17. 17. Fleischner Society Guidelines<br />
  18. 18. Multidisciplinary Conference: A Great Venue for Presenting Abnormal Screening CTs<br />
  19. 19. Case Study<br />64-year-old woman with chronic smoking history >20 pack-years<br />Referred by primary care physician (PCP) for CT screening<br />Screening revealed a 2.13-mm spiculated nodule<br />Radiologist recommends follow-up with diagnostic scan in 1 year<br />
  20. 20. Original CT Screening<br />
  21. 21. Repeat CT Scan 14 Months LaterNodule 5 mm<br />
  22. 22. Presented at Multidisciplinary Conference<br />Nodule increased to 5 mm<br />Recommendations – surgical consult<br />Surgeon is cautious since nodule is so small – wait 3 months then repeat CT<br />
  23. 23. Repeat CT 4 Months LaterNodule 6.65 mm<br />
  24. 24. Case Study Conclusions<br />Minimally invasive video-assisted thoracoscopic surgery (VATS)<br />3 days in hospital<br />Pathology; 7 mm adenocarcinoma<br />Patient referred to postoperative physical and respiratory rehabilitation 3x times 3 weeks<br />Surveillance CT every 6 months for 1 year and every year thereafter<br />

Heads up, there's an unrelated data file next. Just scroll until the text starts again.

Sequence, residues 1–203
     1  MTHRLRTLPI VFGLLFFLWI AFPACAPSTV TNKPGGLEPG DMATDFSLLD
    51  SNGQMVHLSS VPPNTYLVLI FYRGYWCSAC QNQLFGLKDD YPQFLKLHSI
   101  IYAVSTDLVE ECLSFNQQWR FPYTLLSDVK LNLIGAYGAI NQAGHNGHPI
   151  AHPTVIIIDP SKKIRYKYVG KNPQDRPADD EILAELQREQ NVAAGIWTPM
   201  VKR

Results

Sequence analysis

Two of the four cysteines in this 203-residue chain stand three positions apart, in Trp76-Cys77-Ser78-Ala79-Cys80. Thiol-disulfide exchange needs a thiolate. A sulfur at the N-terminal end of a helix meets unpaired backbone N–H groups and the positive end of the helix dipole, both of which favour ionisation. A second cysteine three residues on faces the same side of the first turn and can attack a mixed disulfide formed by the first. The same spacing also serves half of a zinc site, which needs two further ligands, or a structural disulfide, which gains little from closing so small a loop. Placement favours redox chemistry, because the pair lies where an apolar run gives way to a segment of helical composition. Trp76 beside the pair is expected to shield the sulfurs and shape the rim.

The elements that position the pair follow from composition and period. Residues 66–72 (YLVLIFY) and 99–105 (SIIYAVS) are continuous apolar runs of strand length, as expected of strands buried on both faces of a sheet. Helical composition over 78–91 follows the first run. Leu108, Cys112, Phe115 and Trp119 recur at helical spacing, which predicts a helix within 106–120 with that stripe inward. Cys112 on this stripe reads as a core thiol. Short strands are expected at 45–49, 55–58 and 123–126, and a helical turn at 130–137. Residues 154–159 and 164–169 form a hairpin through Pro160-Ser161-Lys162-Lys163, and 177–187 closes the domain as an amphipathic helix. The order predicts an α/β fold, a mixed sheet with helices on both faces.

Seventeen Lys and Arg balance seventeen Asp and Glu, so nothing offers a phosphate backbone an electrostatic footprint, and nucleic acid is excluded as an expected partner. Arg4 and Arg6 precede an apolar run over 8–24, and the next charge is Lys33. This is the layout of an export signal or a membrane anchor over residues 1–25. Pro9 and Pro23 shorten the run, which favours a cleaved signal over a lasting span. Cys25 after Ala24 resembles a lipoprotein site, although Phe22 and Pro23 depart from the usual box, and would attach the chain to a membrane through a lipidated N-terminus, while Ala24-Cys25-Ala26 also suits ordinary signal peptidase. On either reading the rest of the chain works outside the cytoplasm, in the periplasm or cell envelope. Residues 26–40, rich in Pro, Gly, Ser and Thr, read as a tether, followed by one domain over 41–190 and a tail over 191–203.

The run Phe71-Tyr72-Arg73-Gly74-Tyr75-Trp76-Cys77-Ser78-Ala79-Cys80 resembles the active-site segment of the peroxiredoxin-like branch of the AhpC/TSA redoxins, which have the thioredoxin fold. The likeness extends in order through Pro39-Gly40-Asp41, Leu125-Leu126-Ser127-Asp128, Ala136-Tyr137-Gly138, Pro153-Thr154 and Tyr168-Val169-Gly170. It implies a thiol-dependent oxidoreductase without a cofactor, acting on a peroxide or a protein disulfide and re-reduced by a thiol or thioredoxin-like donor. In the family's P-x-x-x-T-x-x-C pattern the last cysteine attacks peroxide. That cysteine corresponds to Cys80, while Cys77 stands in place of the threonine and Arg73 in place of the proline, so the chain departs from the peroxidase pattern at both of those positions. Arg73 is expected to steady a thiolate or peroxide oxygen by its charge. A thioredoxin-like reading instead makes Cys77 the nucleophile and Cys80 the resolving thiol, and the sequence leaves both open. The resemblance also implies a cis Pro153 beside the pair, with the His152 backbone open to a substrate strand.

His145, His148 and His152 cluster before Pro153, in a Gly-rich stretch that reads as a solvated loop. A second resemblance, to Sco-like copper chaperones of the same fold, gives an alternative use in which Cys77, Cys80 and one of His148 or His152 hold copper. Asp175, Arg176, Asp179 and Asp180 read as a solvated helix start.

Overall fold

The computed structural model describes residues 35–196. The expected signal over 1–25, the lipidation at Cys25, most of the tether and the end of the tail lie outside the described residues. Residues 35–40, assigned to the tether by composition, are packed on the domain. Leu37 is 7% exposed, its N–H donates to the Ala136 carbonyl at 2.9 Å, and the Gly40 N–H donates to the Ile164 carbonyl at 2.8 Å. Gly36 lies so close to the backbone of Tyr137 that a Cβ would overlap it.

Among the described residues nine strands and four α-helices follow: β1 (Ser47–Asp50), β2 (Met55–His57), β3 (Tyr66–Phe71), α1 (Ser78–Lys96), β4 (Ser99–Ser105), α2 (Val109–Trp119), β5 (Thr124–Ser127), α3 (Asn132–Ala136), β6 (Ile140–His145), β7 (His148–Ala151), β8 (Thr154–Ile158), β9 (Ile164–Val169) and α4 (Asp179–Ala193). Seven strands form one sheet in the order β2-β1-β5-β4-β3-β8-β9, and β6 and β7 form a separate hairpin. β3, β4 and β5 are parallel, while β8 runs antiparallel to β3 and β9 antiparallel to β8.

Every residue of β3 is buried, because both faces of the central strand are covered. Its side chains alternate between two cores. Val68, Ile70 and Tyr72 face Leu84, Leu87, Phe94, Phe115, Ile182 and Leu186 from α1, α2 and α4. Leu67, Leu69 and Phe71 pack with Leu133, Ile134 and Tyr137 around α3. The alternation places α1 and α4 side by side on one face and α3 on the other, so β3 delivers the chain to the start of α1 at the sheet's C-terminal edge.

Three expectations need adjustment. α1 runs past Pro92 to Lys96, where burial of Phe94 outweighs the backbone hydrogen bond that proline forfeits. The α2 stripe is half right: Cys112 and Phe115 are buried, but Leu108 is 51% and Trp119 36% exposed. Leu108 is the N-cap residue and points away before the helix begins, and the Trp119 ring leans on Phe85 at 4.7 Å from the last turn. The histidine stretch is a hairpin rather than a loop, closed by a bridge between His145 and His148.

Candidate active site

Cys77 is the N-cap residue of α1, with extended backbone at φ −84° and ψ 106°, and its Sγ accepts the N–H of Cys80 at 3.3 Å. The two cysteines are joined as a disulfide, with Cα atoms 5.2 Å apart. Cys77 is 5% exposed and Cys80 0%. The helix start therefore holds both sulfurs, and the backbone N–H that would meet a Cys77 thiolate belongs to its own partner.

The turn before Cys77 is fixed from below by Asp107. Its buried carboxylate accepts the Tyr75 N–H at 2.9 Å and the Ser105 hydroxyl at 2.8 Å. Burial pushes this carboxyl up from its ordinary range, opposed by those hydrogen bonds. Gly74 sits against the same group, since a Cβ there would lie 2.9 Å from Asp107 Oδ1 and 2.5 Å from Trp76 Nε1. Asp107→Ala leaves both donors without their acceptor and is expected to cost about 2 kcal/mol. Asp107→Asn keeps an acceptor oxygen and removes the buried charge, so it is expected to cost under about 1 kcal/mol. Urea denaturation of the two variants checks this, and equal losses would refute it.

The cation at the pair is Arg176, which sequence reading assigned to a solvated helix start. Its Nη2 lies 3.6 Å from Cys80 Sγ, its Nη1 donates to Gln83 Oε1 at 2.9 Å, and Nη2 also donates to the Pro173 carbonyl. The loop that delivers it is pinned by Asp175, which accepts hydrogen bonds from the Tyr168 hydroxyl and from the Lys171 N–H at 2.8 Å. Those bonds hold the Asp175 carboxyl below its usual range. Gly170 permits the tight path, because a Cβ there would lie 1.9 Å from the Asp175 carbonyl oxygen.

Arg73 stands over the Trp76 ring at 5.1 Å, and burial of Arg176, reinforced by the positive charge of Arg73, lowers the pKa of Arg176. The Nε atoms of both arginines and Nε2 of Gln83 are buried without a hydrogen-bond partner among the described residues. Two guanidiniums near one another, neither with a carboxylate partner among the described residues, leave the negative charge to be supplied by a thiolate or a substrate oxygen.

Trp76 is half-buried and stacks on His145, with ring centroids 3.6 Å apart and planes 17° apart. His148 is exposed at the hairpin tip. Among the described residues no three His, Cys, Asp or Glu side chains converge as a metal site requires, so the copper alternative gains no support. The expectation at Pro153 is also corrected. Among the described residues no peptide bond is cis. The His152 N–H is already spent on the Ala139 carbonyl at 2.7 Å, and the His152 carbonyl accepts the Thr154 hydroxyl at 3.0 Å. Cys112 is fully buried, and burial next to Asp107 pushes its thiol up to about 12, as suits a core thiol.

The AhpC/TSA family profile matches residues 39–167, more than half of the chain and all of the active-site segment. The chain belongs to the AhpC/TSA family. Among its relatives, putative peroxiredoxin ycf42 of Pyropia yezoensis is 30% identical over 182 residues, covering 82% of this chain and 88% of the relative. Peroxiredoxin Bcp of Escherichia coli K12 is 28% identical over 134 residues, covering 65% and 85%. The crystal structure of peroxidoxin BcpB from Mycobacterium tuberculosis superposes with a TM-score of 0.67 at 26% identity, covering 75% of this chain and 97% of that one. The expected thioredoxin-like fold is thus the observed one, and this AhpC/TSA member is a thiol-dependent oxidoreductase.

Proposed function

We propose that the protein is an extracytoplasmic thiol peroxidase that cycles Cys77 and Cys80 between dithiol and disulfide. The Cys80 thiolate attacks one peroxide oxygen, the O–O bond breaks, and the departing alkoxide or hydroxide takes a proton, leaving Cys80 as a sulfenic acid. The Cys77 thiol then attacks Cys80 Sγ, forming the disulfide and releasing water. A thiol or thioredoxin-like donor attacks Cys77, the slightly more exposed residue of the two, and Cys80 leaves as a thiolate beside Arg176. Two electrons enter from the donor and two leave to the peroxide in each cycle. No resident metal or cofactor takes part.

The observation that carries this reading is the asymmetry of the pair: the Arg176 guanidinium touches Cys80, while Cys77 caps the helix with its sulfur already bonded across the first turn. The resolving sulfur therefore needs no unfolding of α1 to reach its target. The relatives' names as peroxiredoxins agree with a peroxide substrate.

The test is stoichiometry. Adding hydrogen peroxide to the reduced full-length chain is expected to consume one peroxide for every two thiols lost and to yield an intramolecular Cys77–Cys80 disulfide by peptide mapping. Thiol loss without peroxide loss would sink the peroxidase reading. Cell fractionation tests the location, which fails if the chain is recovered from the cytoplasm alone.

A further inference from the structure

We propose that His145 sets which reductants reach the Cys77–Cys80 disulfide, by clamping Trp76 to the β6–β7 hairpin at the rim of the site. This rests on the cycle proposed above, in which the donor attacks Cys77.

25. 25. Developing a CT Screening Program<br />The thoracic nurse navigators’ role, experience and ability to act as liaison between patient and physicians, makes them ideal candidates to implement and manage a CT screening program<br />Nurse navigators are directly involved in development and enhancement processes aimed at improving clinical outcomes for oncology patients. The nurse navigator educates patients about cancer prevention, screening, diagnosis, treatment options, and the importance of early detection of cancer <br />
  26. 26. How Do You Start?<br />Build your team<br />Determine the costs<br />Set screening guidelines<br />Capture the data<br />Market the program<br />Overcome challenges<br />